NEW YORK (GenomeWeb) — Wells Fargo has downgraded Cepheid to Market Perform from Outperform, calling into question the company's "credibility and visibility" after it revised its 2017 profit outlook.
Cepheid reaffirmed its 2015 fourth quarter outlook at the Piper Jaffray Healthcare Conference on Tuesday, and also provided initial revenue guidance of $618 million to $635 million for Fiscal Year 2016. The company also updated its FY 2017 outlook to a gross margin of 56 percent to 58 percent, compared to its previous guidance of 60 percent.
In a statement, Cepheid CEO John Bishop said the adjustment does not change the company's belief that it is "poised for a 'breakthrough' to profitability," and that he remains "confident in our ability to transition to solid and sustainable operating margin."
Indeed, most analysts seem to agree, reiterating their current ratings. Mizuho Securities USA cited Cepheid's "2016 top-line guidance" and reiterated its Buy rating, while William Blair said the 2017 outlook cut had been expected. Raymond James even called the 2017 outlook reset "a welcome event," saying that the previous targets had become unfeasible and were "creating an overhang" on Cepheid.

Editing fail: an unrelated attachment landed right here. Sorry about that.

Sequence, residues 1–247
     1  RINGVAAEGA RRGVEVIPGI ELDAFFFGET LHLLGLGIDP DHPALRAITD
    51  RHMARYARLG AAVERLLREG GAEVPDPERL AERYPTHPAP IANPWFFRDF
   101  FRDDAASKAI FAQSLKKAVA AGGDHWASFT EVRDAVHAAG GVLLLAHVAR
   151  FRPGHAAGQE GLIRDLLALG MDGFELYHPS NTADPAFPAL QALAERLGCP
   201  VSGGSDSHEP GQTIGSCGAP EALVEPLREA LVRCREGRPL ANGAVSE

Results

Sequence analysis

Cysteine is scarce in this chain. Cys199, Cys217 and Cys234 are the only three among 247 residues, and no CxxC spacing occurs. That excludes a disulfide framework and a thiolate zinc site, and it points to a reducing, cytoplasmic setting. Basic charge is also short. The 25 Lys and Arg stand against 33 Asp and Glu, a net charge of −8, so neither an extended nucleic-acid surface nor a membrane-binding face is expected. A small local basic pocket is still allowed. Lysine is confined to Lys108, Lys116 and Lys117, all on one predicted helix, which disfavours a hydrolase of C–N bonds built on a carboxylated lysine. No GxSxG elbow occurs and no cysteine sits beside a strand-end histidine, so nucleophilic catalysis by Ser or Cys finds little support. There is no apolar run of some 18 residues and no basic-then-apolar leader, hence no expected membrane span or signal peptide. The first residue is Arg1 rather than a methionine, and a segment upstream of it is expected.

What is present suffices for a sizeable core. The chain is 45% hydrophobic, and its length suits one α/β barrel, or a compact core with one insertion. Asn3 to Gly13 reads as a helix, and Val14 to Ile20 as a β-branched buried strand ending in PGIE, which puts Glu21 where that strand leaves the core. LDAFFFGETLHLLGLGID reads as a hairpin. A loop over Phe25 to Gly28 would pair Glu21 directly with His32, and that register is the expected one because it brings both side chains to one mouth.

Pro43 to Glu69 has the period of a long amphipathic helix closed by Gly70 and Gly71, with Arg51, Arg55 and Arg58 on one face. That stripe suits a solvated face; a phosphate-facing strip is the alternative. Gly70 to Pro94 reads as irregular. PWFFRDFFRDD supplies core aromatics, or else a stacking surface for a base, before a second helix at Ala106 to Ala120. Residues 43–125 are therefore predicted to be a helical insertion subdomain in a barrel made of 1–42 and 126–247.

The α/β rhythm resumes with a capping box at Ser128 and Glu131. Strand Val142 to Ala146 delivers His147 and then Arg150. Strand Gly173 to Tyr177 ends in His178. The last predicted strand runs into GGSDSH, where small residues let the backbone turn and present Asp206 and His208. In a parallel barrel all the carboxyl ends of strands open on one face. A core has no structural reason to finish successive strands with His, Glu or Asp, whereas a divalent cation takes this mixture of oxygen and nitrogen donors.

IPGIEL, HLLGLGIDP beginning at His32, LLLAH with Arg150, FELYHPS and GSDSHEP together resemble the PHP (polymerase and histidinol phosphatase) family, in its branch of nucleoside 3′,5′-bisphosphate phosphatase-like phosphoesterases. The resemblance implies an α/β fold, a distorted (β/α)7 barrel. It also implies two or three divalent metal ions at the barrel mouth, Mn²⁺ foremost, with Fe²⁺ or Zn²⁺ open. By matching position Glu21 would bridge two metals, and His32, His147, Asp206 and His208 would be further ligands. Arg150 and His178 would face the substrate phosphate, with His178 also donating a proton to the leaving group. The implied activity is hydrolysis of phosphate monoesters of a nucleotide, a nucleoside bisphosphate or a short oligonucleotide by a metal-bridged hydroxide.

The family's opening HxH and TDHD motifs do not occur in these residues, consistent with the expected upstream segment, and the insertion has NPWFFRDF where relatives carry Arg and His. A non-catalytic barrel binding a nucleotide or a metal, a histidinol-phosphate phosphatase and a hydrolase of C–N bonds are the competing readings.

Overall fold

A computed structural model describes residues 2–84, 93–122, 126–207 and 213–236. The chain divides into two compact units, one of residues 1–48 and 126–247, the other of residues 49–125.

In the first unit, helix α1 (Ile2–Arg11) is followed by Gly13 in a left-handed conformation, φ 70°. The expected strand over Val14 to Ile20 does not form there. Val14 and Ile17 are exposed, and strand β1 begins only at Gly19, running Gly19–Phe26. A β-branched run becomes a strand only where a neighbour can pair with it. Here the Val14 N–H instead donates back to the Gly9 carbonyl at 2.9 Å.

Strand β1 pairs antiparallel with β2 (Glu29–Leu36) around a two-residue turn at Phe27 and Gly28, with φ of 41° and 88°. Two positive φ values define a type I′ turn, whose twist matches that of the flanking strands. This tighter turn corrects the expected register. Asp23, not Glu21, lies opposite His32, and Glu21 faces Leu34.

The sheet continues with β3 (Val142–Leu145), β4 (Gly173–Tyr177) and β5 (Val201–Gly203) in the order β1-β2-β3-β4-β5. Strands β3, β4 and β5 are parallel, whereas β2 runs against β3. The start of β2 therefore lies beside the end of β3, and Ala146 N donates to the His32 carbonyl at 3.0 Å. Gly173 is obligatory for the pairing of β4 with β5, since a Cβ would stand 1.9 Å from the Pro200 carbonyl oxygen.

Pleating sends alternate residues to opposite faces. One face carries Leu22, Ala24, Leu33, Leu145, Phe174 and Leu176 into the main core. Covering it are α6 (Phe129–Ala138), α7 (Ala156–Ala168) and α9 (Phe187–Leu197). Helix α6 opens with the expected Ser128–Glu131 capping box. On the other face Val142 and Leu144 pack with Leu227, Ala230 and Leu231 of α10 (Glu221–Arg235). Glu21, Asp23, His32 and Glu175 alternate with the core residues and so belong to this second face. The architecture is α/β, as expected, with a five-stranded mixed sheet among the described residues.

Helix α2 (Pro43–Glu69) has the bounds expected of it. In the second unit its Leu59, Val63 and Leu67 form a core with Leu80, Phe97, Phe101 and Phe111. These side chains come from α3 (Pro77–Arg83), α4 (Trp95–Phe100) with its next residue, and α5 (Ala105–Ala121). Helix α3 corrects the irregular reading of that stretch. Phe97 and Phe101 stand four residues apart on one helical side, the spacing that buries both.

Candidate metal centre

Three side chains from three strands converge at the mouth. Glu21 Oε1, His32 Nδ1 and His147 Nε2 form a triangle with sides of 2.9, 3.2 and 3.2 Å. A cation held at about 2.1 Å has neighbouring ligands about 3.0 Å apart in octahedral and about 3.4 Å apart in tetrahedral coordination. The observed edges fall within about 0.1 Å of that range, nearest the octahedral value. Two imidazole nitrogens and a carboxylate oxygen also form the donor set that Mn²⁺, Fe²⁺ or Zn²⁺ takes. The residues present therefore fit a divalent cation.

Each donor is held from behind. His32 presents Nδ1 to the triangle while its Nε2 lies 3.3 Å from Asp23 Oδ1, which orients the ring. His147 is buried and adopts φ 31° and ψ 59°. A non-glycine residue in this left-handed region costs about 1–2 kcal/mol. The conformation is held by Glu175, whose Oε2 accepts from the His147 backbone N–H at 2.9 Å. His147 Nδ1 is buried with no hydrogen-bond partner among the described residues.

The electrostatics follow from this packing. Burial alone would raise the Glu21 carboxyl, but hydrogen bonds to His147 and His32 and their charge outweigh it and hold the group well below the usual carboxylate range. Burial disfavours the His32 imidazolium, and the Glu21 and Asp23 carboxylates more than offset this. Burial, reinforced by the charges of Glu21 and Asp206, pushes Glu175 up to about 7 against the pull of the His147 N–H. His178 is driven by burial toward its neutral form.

But Wells Fargo analyst Tim Evans disagreed. "The abrupt change is concerning to us, as it comes after many public and private reiterations of the targets, including as recently as six weeks ago," he wrote in a note. "This is not the first time the company has missed profitability targets, and while the reduction makes guidance look more realistic, it impairs credibility and our thesis, which hinged on making the targets."
Further, he added, the 2017 profitability targets have been in place for years, and Cepheid has held firmly to them, despite skepticism from the market. "We were (wrongly) a believer," Evans wrote. "Management has remarked to us that the factors affecting profitability were largely within the company's control. … The abrupt change is concerning."
Evans also suggested there may be reasons to be skeptical of Cepheid's largest test market, Methicillin-resistant Staphylococcus aureus (MRSA), citing a recent event with the Emmes Group which highlighted that total MRSA volume is flat and average volume per lab is falling. He also raised concerns about Cepheid's second-largest diagnostic market, C. difficile testing, citing a recent JAMA article that argued against the exclusive use of molecular testing to detect the bacterium.
Wells Fargo also cited concerns about Cepheid's plans to enter the viral load, point of care, and oncology diagnostic markets, which Evans called challenging. "Each has its own challenges, and our analysis suggests none will be easy. Without clearer visibility on these markets, we think a more cautious stance is warranted," he wrote.
In Wednesday morning trade on the Nasdaq, shares of Cepheid were down roughly 5 percent at $33.57.